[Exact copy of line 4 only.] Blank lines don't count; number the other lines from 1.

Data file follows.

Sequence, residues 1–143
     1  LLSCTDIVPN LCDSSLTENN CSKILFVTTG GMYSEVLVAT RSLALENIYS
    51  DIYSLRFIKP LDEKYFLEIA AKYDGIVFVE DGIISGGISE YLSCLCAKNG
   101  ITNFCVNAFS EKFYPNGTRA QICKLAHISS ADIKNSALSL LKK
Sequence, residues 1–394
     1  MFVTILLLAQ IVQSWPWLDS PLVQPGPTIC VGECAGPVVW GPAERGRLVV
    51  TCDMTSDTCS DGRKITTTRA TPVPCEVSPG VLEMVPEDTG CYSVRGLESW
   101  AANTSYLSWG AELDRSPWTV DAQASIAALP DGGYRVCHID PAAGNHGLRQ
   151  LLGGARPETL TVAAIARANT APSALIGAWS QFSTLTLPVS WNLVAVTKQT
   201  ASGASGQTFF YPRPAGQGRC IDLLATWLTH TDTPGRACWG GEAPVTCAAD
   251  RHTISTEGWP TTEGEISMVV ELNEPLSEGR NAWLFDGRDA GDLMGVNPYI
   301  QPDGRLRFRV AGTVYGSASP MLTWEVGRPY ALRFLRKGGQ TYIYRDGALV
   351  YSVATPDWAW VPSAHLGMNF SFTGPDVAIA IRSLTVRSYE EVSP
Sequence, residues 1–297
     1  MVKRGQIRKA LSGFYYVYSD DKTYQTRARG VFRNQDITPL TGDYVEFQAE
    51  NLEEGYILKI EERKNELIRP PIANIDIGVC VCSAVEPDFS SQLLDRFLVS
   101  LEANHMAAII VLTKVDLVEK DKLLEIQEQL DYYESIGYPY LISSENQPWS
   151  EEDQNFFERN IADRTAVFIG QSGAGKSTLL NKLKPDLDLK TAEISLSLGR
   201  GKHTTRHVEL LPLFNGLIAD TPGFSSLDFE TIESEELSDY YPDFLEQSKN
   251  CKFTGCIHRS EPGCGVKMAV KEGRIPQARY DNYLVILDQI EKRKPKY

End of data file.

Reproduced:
   101  ITNFCVNAFS EKFYPNGTRA QICKLAHISS ADIKNSALSL LKK